“We haven’t seen any changes, but I suspect the shift is driven by growth in individual homeowners,” said Eric Breon, Vacasa founder and CEO, referring to Booking Holdings push into pre-pay bookings. “As they build their supply of individual homes, many of those homeowners would otherwise be unable to process credit cards.”

Andrew McConnell, CEO of short-term rental platform Rented, said Booking Holdings’ leaning into the pre-pay model shows the company is adapting to the changes in its hotel and alternative accommodations mix, and is following what most of the major players already do in homesharing.

At the end of 2018, Booking.com stated that it offered 1.74 million homes and apartments on its website, a 46.5 percent jump. During the same period, Booking.com’s hotel portfolio rose 10.1 percent to 436,000.

“The economics for Booking are great, getting cash in hand sooner,” McConnell said. “It is a recognition that while there are many similarities between hotels and alternative accommodations, there are just as many differences.”

It’s a different story at rival Expedia Group. It has predominantly used the pre-pay model for many years, although it started ramping up a pay-at-the-hotel model seven years ago.

A Very Tough Business

It’s clear from Booking Holdings financial filings that alternative accommodations add tremendous complexity to its business. In a second quarter Securities and Exchange Commission filing, the company noted that despite incremental revenue from homesharing, its operating margin could be negatively affected from the merchant model because of increased costs for things such as personnel, payment processing, and fraud. It may also adversely impact its room night statistics because alternative accommodations generally have fewer rooms to book than do hotels.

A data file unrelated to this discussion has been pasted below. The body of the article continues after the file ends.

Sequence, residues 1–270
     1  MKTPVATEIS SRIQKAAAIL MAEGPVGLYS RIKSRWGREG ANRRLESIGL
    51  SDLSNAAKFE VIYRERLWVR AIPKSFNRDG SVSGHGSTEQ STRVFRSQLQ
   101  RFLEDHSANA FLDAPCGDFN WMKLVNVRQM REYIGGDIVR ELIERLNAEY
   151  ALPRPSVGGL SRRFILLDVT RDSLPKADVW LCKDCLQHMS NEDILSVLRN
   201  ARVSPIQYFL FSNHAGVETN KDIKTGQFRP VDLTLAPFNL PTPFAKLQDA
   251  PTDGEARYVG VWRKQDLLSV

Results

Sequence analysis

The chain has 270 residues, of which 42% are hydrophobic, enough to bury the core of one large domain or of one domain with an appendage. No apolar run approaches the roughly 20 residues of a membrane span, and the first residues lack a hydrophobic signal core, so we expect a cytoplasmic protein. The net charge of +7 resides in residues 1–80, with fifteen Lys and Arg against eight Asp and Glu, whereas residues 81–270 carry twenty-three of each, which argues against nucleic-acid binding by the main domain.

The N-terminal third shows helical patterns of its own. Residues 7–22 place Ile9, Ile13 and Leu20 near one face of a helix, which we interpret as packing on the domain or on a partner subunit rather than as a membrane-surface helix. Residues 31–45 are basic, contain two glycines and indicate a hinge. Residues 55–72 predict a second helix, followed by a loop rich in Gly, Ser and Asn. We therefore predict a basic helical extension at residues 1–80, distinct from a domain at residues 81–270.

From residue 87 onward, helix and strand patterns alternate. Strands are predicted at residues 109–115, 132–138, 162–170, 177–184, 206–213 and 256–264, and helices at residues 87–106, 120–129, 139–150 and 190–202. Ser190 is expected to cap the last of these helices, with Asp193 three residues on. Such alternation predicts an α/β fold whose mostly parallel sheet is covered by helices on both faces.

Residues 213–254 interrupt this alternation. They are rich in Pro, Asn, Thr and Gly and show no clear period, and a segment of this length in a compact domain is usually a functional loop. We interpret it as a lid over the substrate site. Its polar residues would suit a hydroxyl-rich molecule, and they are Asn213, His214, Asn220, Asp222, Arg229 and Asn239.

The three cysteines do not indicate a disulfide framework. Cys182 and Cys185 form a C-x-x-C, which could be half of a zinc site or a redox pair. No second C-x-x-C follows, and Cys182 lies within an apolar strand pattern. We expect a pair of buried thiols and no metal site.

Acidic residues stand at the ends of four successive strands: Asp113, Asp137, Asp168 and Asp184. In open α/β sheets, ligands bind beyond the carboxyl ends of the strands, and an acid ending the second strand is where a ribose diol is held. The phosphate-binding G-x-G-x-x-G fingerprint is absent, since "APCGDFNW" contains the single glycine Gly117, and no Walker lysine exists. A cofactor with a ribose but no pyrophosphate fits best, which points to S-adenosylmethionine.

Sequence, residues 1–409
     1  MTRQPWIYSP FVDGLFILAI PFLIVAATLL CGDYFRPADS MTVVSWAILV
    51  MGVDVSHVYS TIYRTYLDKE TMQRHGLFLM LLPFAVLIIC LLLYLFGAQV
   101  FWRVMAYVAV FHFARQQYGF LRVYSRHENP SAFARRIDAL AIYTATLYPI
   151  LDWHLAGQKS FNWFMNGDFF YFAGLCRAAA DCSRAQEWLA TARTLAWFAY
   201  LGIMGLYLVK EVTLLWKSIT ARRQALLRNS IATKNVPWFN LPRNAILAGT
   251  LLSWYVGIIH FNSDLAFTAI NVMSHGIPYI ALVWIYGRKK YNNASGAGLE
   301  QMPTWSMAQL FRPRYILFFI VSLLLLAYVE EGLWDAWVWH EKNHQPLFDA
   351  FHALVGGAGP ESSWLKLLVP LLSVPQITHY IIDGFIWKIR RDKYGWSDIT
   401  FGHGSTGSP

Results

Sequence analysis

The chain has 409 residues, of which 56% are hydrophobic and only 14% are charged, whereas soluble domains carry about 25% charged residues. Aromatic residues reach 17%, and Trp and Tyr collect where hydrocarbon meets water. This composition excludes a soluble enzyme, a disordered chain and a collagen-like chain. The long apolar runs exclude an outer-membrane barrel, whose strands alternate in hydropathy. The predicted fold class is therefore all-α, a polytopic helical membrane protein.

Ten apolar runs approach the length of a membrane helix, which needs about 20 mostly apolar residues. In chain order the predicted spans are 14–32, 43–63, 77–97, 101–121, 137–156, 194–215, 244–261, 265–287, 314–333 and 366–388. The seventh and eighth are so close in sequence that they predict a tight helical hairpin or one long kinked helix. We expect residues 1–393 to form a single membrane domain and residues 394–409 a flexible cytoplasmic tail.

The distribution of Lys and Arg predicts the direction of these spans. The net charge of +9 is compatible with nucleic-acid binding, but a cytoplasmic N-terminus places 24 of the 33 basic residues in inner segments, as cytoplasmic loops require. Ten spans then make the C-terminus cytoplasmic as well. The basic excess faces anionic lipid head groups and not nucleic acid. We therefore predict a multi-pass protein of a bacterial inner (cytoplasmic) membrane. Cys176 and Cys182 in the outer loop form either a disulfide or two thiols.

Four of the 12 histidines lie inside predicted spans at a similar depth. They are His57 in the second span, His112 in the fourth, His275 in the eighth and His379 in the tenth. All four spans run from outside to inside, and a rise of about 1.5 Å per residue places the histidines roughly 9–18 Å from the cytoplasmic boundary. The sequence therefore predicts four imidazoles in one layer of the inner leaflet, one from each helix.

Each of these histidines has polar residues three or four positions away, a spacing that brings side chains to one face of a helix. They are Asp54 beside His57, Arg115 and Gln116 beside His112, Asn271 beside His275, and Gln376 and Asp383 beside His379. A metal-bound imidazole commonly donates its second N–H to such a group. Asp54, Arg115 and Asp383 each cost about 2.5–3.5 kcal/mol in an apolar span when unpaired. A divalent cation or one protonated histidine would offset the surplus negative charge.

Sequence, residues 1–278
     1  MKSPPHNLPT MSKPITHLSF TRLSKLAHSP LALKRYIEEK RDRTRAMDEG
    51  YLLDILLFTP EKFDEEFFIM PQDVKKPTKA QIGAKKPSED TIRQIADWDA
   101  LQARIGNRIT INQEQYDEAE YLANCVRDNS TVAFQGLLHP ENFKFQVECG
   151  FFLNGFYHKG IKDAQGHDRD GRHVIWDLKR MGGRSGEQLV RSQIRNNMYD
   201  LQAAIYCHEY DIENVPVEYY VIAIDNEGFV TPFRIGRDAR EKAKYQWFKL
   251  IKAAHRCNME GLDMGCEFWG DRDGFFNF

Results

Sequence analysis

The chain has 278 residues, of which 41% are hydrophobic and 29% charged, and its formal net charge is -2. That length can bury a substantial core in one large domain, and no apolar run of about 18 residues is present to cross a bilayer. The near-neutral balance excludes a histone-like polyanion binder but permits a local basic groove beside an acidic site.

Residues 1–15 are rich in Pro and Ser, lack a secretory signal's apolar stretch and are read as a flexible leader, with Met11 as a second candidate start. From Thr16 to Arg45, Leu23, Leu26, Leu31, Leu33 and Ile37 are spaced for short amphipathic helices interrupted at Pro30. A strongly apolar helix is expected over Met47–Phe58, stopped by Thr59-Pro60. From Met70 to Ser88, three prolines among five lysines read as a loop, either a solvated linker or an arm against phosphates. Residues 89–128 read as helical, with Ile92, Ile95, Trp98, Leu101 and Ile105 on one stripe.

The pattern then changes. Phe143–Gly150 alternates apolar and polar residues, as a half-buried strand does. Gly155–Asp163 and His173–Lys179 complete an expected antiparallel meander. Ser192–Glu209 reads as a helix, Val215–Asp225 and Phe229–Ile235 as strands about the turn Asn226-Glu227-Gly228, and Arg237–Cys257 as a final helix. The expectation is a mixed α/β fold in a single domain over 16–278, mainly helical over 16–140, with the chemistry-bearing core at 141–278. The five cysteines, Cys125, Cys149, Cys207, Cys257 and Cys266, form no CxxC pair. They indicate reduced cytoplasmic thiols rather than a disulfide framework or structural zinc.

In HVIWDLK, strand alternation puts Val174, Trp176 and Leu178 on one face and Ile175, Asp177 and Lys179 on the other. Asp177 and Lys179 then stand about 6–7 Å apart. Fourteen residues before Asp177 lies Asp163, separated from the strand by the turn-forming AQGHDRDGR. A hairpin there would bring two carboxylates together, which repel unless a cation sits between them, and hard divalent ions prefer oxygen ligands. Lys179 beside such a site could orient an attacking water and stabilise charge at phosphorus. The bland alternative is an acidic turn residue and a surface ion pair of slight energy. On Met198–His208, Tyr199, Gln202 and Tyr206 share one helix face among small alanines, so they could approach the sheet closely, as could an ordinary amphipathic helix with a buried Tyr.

“In addition,” the company stated, “as our alternative accommodation reservation business grows, we may incur increasing numbers of complaints related to non-existent properties or properties that are significantly different than as described in the listing, as well as claims of liability based on events occurring at such properties such as robbery, injury, death and other similar events.”

The pivot toward the pre-pay model could also increasingly place Booking Holdings in the crosshairs of regulators as many cities around the world seek to clamp down on alternative accommodations. In the past, when it predominantly used the pay-at-check-in agency model for alternative accommodations, Booking Holdings might have been able to argue that it wasn’t responsible for collecting taxes or getting licenses to operate because it was merely facilitating transactions for homeowners. But when Booking.com operates as the merchant of record for apartment rentals, that argument seemingly goes away.

Referring to increasing propensity for local authorities to impose regulatory prohibitions on short-term rentals and licensing requirements, Booking Holdings stated in a second quarter financial filing: ” This dynamic regulatory environment requires us to expend significant time and resources and could negatively impact the growth and/or size of our alternative accommodation reservation business.”

Booking Holdings increased use of the pre-pay model doesn’t mean this way of doing business will overtake the pay at the time of stay model that it uses for many hotel bookings, but its revenue will likely increasing skew in the merchant model direction.